Lau et al. (1991) analyzed infrared radiance measurements at the cloud top from the Japanese GMS to study the structure and propagation of tropical cloud clusters over the equatorial western Pacific. The observed cloud clusters display a hierarchy of collective motions at time scales of 1 day, 2-3 days, and 10-15 days, respectively. The 1-15-day time scale is closely related to the intraseasonal oscillation, and their super cloud clusters propagate eastward along the equator from the Indian Ocean to the western Pacific all around the global tropics. The cloud clusters embedded in the super cloud clusters have the 2-3-day time scale, and propagate in the opposite direction to the super cloud clusters. The diurnal time scale is most significant in the cloud clusters, in which the signals are more pronounced over the continent than over the open ocean.
Sui and Lau (1992) analyzed the First GARP Global Experiment Illb circulation data along with the Japanese GMS-1 IR data to study the multiscale variability in the atmosphere over the tropical western Pacific during the 1979 Northern Hemisphere. Two intraseasonal oscillations propagate eastward from the Indian Ocean to the western Pacific. Over the western Pacific warm pool, the intraseasonal oscillations develop into quasi-stationary systems with the enhanced rotational circulations. The intrasea-sonal oscillations interact with regional and synoptic-scale systems such as monsoon circulations. The intraseasonal oscillations also excite the 2-4-day disturbances. Sui and Lau also found that the diurnal signal becomes strong when the intraseasonal oscillation loses the intensity whereas the opposite is true.
To investigate the relevant cloud clustering processes (formation and evolution of cloud ensembles), Peng et al. (2001) performed a numerical experiment using a two-dimensional cloud ensemble model covering a basin-scale domain (15 360 km) with prescribed warm SST surrounded by cold SST, to mimic the equatorial western Pacific. The model used an open lateral boundary. Under the condition of no prescribed basic zonal flow and no initial perturbation, deep convective clouds develop in hierarchical clustered patterns, which are limited to the area of warm SST above 28° C. The most fundamental cloud cluster in the model has a horizontal scale of a few hundred kilometers, in which new cumulus clouds are generated at the leading edge of a propagating surface cold pool, the "gust front." It may last for days and propagate for a long distance if the background flow is broad and persistent, as is the case in the low-level convergence zone of the SST-induced background flow.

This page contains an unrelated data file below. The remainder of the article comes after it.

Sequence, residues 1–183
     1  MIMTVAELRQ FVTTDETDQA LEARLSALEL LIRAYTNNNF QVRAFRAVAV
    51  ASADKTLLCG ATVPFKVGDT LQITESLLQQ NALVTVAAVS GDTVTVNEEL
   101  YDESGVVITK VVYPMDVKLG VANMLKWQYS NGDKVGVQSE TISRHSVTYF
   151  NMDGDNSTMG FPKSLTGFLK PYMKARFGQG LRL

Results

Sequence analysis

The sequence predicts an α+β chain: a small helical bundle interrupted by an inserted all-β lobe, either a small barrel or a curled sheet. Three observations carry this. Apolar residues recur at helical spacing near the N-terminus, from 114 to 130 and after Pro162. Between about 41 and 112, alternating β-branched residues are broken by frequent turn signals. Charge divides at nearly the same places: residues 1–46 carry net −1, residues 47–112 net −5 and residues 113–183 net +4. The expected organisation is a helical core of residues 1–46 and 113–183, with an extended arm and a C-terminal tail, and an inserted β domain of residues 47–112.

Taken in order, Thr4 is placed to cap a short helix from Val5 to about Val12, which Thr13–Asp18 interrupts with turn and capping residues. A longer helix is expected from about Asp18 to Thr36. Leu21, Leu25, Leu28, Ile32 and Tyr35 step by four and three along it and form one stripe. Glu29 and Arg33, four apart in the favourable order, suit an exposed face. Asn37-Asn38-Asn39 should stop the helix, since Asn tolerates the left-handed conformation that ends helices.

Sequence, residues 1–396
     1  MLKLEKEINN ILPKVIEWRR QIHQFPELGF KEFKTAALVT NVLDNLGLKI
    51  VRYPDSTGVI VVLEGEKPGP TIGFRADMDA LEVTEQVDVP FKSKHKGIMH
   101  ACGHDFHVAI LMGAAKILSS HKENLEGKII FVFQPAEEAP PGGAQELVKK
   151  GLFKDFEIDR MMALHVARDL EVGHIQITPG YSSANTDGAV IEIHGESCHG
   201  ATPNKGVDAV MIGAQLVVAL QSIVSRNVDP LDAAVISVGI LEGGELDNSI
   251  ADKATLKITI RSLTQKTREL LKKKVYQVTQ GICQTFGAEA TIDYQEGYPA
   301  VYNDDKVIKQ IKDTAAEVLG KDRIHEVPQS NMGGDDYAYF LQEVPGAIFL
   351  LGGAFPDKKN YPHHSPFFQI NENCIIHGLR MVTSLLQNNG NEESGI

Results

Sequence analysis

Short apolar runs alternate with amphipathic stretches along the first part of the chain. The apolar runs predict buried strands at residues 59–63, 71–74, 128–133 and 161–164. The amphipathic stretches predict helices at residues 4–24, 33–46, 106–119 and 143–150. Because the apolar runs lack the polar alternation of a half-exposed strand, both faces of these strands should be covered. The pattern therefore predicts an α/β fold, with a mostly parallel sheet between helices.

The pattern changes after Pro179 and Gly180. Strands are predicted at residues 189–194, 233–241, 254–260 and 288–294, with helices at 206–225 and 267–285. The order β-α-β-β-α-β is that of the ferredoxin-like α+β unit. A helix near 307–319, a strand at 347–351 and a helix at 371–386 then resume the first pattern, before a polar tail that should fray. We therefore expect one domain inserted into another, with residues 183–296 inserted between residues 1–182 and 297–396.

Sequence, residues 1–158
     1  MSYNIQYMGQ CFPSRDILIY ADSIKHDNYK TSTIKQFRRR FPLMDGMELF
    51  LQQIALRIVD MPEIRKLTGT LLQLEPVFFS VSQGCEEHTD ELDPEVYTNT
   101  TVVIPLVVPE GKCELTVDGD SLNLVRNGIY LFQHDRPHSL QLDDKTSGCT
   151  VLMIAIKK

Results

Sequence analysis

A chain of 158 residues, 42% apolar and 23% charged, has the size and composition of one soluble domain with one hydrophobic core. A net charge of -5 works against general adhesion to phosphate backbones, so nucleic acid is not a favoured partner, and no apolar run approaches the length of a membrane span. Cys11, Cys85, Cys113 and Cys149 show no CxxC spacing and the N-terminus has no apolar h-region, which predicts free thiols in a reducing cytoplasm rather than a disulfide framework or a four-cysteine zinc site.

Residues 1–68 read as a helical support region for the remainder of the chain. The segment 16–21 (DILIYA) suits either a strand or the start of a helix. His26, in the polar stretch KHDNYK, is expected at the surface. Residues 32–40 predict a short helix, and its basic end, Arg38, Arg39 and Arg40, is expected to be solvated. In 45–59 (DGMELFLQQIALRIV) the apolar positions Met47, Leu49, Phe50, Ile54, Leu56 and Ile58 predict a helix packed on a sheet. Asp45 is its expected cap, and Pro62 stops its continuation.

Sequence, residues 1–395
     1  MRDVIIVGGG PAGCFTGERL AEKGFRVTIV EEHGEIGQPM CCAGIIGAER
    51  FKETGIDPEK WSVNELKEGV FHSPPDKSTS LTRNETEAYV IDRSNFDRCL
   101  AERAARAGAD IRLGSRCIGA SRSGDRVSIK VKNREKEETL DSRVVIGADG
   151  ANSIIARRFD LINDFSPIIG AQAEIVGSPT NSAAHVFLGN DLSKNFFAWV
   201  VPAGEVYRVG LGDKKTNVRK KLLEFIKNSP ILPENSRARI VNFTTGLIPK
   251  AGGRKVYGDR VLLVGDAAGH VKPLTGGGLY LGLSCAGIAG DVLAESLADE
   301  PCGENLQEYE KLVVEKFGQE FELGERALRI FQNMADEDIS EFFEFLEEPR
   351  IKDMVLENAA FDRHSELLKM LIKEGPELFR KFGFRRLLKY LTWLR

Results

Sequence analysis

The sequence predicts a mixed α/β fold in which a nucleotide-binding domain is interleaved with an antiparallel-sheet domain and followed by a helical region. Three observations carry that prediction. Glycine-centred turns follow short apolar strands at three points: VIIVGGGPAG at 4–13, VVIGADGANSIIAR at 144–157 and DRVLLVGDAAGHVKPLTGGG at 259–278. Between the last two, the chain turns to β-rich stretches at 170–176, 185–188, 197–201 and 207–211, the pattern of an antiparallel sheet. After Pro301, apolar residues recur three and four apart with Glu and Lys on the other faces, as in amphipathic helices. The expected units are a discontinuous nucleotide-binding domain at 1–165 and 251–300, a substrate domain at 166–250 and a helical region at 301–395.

The largest hierarchical propagating cloud systems in the model have horizontal scales of up to 3000 km and consist of up to four cloud clusters that are generally of the gust-front type. The constituent cloud clusters are generated intermittently and have life spans of 12-36 h. The internal heating of the constituent clusters collectively induces an overall troposphere-deep gravity wave (Mapes and Houze, 1993; Mapes, 1993). The overall wave travels in the direction of the tropospheric deep shear at a speed determined by the thermodynamic asymmetry in the wave created by the transition from warm and moist incoming air in the front to drier and cooler air in the rear.
The development of new cumulus clusters in the gust-front region of the hierarchical system is due to the combined effect of the overall wave and the gravity waves excited by the constituent clusters on the lower-tropospheric stability. When there are no interruptions from outside the cloud system, new cloud clusters develop intermittently from shallow disturbances hundreds of kilometers ahead of the existing deep convection. The resulting hierarchical cloud pattern resembles the observed equatorial super cloud cluster (SCC) in the time-longitude diagram. However, the life spans of the constituent clusters of the simulated system are shorter than that in the observed SCC.
The dynamic processes for cloud clustering are intimately coupled to microphysical processes. This coupling may be revealed by water- and ice-cloud contents and their corresponding microphysics. This is investigated in several companion papers. Li et al. (2002c) simulated the cloud clusters using the two-dimensional cloud-resolving model with the imposed forcing from the TOGA COARE data during the disturbed period. The cloud clusters move westward, while the embedded individual clouds propagate eastward. Along with the westward propagation and during the development of tropical convection, the area-mean vertical velocity profiles exhibit the major ascending motion below 500 mb in the western half of the cloud, and the maximum ascending motion between 300 and 500 mb in the eastern half, indicating that the western half of the cloud undergoes the deep convective development whereas the anvil cloud grows in the eastern half. The surface rainfall is much larger in the western half than in the eastern half. The amount of water hydrometeors is much larger than that of ice hydrometeors in the western half, whereas ice and water hydrometeors have similar amounts in the eastern half. The analysis of the rainwater budget reveals that the collection of cloud water by raindrops is a major process for the surface rainfall, and thus the water hydrometeor processes are dominant in the deep convective clouds in the western half, whereas both the collection of cloud water by raindrops and the melting of precipitation ice into raindrops are responsible for the surface rainfall in the anvil clouds in the eastern half.